Soul To Soul. Independence Anniversary

Black Star Square, Accra, Republic of Ghana

Saturday March 6, 1971

About the Show

Music

Photos

About the Show

The Venue

In March 1971 a large contingent of some of the biggest soul, R&B and jazz stars of the day travelled from the States to Ghana to play a one-off 14 hour concert. This was captured on film and subsequently released as Soul to Soul; a 1971 documentary detailing the day’s events.

It all started back in March 1957 when Ghana (formerly known as the Gold Coast) achieved independence from the UK and had started to make some connections with African-Americans whose descendants had once resided in West Africa. This resulted in some well-known high-profile black Americans actually living in Ghana for a while in the mid-60s including the writer and political activist Maya Angelou. During her stay in Ghana she approached the government with the idea of bringing a number of African-American artists over to perform a concert to celebrate the anniversary of Ghana’s independence but due to the then leader being deposed it never happened and all the plans went on the back-burner.

Fast forward to late 1970 – affluent white Hollywood attorney Ed Mosk and his wife Fern had been working in West Africa on a film adaptation of Nigerian author Chinua Achebe’s book ‘Things Fall Apart’. Their son Tom had been involved too and whilst he was there came up with the idea of a ‘West African Woodstock’ where musicians with the same roots but who had been raised in different cultures could come to play together and experience their shared heritage. Ghana’s arts council had been working on improving links with African-Americans for some years and with their assistance and enthusiasm, plus the opportunity of celebrating the 14th anniversary of Ghanaian independence, the project was able to realise its ambitions. In an interesting side note it seems that Ghana was a bit miffed James Brown had missed them out on a tour of West Africa in 1970 so this was a good way to make up for their disappointment.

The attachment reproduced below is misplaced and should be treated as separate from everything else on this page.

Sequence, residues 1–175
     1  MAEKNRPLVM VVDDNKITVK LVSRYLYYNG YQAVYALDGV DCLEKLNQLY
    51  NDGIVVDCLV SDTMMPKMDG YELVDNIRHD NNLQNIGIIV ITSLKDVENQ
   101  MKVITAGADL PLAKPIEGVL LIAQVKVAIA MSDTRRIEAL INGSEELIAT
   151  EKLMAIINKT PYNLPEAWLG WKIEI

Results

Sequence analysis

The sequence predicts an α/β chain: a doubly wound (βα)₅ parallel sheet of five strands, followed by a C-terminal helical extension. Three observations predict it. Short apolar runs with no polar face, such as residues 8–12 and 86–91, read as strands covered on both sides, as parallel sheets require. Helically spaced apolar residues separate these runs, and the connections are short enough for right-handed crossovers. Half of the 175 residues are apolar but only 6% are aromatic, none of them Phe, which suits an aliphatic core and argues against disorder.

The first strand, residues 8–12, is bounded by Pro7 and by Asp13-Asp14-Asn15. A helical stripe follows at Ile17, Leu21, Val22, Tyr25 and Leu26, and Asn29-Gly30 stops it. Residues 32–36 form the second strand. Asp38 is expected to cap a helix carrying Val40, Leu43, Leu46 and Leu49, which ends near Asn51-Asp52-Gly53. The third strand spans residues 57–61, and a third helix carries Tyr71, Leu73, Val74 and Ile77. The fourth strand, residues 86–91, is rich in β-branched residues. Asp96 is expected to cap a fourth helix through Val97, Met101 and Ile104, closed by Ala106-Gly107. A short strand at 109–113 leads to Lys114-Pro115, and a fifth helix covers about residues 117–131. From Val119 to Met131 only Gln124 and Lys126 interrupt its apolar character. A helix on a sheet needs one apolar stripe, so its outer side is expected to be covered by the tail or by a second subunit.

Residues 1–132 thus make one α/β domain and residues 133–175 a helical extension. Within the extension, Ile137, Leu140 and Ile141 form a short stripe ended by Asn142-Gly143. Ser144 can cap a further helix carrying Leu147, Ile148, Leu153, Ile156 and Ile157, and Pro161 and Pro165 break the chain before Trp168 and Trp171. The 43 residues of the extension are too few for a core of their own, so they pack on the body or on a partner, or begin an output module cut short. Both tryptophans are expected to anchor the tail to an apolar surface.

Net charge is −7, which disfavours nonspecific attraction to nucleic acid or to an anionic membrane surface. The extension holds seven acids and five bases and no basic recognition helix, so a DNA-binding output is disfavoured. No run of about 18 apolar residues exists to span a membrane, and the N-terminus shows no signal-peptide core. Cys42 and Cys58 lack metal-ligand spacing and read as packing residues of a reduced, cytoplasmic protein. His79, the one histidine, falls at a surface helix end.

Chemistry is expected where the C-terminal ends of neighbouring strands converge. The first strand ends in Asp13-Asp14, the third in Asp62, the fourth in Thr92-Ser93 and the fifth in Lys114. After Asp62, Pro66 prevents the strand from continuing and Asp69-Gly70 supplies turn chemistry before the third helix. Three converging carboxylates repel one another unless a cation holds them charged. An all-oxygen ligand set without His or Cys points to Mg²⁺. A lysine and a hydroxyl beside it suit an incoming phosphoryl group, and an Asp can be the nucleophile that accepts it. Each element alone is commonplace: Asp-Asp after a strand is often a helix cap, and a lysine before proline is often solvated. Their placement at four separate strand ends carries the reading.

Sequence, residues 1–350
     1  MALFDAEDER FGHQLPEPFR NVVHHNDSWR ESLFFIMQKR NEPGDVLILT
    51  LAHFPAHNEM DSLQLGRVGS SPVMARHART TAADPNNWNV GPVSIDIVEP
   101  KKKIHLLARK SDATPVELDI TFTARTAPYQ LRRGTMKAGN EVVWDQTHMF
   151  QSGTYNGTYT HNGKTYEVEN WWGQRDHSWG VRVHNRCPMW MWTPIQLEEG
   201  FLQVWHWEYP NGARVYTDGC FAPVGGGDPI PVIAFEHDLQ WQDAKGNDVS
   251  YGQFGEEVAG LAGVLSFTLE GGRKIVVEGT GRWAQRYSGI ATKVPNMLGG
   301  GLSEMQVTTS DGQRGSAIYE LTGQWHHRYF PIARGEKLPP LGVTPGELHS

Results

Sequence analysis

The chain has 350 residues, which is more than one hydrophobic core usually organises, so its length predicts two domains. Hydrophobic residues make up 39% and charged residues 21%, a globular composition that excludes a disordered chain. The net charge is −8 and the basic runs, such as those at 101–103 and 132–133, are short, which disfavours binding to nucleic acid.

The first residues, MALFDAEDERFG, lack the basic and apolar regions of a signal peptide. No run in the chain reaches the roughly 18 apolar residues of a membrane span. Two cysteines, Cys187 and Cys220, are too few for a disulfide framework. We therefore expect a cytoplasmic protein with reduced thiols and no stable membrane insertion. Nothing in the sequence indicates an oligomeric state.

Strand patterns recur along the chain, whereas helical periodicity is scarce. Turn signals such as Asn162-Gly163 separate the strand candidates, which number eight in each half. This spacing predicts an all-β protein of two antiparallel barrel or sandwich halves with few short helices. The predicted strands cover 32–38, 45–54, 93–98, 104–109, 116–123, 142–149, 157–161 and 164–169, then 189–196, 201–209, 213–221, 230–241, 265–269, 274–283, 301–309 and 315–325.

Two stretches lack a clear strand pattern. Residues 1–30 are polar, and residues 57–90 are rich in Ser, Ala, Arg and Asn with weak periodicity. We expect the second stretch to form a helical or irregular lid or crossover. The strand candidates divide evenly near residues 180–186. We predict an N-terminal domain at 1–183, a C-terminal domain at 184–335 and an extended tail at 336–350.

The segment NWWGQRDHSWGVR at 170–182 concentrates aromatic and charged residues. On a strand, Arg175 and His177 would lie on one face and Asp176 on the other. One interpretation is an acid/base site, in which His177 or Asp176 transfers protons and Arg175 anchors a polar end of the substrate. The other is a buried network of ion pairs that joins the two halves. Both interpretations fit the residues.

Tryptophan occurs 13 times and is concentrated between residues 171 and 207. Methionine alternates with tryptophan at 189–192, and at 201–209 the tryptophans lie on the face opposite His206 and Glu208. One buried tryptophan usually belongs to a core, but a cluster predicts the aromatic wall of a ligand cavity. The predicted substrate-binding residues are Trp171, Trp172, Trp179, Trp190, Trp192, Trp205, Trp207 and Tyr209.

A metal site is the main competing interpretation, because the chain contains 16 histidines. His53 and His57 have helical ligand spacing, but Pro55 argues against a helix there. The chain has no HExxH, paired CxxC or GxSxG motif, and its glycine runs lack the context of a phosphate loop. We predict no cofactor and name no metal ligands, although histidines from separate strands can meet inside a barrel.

Of the musicians invited to perform, Wilson Pickett was by far the biggest star in Ghana, where he was known as "Soul Brother No. 2." (James Brown was, of course, Soul Brother No. 1.) Organizers also unsuccessfully sought performances by Americans Aretha Franklin, James Brown, Booker T & The MG's, Louis Armstrong and gospel singer Marion Williams. In addition, Fela Kuti was approached, but did not perform. The show, with broadcaster Mike Eghan as MC, was held in Black Star Square (now Independence Square) on the Gulf of Guinea and ran for 14 hours, finishing at 6:45am with a gospel set by The Voices of East Harlem. Several at the show remarked that the band Santana, despite having only one black member, played the most "African-sounding" music of the night. Some have argued that Santana's merger of Latin rhythms with rock music strongly influenced the development of Afrobeat.

Independence Square (ex-Black Star Square) Location
Independence Square (ex-Black Star Square)

Poster/Ticket/Program